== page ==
Story: Robert McKee’s signature seminar

The godfather of storytelling

In 2019, I had the chance to attend Robert McKee’s signature seminar „Story“. Meaning: witness a 78 year old guy standing on a stage for more than ten straight hours, three days in a row, passing on his storytelling knowledge to a large crowd of adults from all over the world. An audience that is reverently listening and taking notes. Robert McKee, decades-long Hollywood author, professor and also known as the „godfather of storytelling“, amazes, entertains and, at least a little bit, scares professional writers from all over the world with his wit, wisdom and tough dog character. His seminar is based on his book Story: Substance, Structure, Style and the Principles of Screenwriting and gives you deep insights not only into screenwriting but also the art of storytelling in general.

Beware of the godfather: Robert has a great sense of humor – but better don’t disturb during his lessons

Besides the fact that it is absolutely worthwhile to experience Robert live on stage teaching – you can tell the former actor is still inside him – the thing I like about his  approach is that he doesn’t try to sell you a recipe for how to write an Oscar-worthy screenplay or how to pen a bestseller. Instead, he points out certain principles you should follow to create a great story – no matter if you are writing a novel, a play, a documentary or a memoire. Here are my top five – and how they match with my own work. 

1. A story is all about making sense out of life.

»Story is all about making sense out of life« – and also about making sense out of business. Because even if we tend to think that life and business are two different things, they actually are not. Simply because businesses are people. Even with advances in robotics and AI, companies today are still founded, run and operated by people made of flesh and blood. And these business people are the same as the real life people. So why do we often assume communication and processes have to be so different in business? Writing down how day-to-day processes actually work (or how they don’t), or what your business is about at all, helps you to clarify where you come from and where you are going.

2. A story is more than language. It’s a metaphor for life.

Again, this quote is also true for business. When you talk to people who are not used to writing or reading too much, you tend to hear things like »It’s just words«. But to be honest, it’s not. Whether in your home or at work, language is the vehicle that sends a message from one person to another (we could also, for example, draw funny pictures and show them to each other, but that doesn’t seem very practical or precise to me). But the art of storytelling is about the message behind the mere words – and can, in fact, be very powerful.

3. A story goes beyond the surface.

A story has the power to reveal the truth that lies beyond the surface. This is true for every kind of story: whether it’s a novel or a newspaper article or a brand story.  Business communication is often dull and meaningless because it just scrapes the surface and uses marketing speak. Instead of saying what a company actually does, what they aim to achieve and why anyone should care. No wonder people say »It’s just words«. Because if you don’t ask the right questions and dig deeper into the topic, it might not be more than that.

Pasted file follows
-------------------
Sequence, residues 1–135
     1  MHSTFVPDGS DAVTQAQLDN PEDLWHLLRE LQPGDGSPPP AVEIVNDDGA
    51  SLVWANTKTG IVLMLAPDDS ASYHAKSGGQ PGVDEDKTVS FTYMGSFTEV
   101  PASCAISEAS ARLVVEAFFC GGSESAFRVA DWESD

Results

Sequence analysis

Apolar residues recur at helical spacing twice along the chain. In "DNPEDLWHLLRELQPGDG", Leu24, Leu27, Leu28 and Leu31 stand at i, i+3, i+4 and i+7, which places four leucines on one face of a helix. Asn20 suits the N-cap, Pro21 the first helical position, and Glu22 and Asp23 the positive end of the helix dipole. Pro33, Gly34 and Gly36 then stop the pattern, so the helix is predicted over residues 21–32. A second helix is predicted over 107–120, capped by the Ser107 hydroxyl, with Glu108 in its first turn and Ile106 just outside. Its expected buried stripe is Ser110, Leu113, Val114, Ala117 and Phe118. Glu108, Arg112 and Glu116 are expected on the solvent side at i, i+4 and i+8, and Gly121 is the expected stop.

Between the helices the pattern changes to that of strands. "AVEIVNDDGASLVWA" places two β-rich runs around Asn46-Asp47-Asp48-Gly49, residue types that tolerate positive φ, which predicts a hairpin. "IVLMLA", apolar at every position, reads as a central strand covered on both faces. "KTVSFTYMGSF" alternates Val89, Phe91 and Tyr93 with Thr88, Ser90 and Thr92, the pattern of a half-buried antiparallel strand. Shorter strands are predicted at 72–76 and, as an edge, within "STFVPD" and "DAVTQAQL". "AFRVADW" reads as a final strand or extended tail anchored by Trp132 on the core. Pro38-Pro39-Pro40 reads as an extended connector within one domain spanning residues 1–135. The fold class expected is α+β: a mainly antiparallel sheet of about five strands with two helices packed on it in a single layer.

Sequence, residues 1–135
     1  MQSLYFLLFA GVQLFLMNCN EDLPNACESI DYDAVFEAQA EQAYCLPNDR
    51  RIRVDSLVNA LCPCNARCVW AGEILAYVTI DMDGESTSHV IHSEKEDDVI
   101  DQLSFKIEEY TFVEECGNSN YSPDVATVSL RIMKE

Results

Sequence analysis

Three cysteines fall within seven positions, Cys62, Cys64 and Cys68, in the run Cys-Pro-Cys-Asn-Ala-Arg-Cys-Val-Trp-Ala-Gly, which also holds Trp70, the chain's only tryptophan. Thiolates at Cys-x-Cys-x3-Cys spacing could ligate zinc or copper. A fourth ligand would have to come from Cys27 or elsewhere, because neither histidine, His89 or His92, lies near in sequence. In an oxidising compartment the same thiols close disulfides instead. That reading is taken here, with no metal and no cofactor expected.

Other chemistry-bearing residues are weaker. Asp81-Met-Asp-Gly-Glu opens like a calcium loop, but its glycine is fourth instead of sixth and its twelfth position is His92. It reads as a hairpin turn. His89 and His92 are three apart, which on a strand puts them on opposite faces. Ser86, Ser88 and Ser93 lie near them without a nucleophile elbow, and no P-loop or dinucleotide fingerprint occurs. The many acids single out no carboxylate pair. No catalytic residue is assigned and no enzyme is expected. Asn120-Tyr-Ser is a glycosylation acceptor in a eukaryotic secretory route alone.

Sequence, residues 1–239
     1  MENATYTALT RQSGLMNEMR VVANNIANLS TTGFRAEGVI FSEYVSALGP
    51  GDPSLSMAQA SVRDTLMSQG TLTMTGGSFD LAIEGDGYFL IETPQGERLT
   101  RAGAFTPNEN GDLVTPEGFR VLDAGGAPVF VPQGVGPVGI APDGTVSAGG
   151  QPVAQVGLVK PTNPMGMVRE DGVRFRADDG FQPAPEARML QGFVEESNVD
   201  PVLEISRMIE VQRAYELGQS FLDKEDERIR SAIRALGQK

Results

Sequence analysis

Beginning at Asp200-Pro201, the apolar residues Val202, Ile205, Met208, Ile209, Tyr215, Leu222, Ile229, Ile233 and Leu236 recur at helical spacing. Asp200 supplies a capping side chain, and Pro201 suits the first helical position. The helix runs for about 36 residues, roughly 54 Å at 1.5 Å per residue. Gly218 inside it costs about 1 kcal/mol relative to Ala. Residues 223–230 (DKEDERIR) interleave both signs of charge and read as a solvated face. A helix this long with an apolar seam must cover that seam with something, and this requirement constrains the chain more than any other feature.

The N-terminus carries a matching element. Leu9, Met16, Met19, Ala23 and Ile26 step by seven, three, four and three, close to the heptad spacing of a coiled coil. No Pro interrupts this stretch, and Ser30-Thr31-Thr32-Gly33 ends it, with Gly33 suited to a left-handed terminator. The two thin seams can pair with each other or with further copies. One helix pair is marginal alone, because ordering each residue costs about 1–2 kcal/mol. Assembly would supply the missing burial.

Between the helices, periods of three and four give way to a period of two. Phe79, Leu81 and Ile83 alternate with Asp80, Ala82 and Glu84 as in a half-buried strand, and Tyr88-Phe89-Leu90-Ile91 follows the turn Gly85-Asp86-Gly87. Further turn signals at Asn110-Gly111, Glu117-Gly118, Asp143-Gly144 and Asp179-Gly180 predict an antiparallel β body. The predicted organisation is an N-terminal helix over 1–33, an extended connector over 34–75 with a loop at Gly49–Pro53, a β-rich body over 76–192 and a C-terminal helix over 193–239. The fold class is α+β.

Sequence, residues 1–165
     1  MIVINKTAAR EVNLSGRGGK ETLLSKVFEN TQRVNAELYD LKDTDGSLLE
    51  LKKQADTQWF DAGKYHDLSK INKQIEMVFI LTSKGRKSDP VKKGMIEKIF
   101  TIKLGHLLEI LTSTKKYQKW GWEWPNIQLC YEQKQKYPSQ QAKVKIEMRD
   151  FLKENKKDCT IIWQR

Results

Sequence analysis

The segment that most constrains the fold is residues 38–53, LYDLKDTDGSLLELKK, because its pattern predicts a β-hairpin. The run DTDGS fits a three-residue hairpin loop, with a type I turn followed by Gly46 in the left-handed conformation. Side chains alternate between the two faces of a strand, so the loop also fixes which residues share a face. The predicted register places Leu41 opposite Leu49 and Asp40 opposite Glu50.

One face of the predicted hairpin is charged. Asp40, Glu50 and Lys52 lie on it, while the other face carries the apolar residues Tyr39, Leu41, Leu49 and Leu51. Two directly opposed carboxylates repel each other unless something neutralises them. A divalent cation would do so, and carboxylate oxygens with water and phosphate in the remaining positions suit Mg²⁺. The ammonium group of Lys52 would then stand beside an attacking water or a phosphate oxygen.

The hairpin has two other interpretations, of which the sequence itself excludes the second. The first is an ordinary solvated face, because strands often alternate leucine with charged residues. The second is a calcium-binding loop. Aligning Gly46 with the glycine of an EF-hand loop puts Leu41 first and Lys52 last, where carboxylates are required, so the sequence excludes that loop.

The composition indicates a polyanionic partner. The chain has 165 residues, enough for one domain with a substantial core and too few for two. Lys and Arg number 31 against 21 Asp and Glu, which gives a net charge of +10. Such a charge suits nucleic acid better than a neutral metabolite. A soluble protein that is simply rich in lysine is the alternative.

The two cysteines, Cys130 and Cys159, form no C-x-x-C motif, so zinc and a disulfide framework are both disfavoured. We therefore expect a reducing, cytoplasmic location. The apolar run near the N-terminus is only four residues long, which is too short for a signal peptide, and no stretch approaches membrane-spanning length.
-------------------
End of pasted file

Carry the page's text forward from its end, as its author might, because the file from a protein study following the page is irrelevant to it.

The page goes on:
4. If you can’t write it down, you don’t really know it.

Do you really know where you are heading with your business? What you are actually doing? Or if you are part of a team in a larger company: are you absolutely sure what your role is? Then test yourself: try to write it down in a few, short, clear sentences. From personal experience as a writer as well as from the work with clients, I am a hundred per cent on the same page with McKee.
As soon as you try to put in writing what you supposedly know, you may be surprised to learn it’s not as crystal clear as you thought. You might not even be able to do it at all. The good news here: you can start writing on a regular basis, not necessarily to become the next J.K. Rowling, but to practice how to express your tasks, strategies or goals. The bad news is: If you struggle to do it first time and don’t make an effort to learn, you might never know what the hell you are doing.

5. We were taught to criticize, not to be creative – time to turn things around.

A sad truth that is especially true in Germany. In the country of Kant and Schopenhauer, of Siemens, Diesel and Lilienthal, we tend to analyse things and to work with facts. That was great so long as it allowed us to easily drive our own car or board a plane and fly to Hawaii. But at a time in which we need to find new solutions for our businesses and our entire society (read more on this topic in my article about New Work, New Culture by Frithjof Bergmann), we need to create and to foster new ideas, instead of criticizing them from the start. What may be possible today, might be key for real change tomorrow. What does this have to do with storytelling? Well, to write down your own story and start on a blank piece of paper can be one way to sniff the scent of creation again. And to open up new perspectives on what can be done.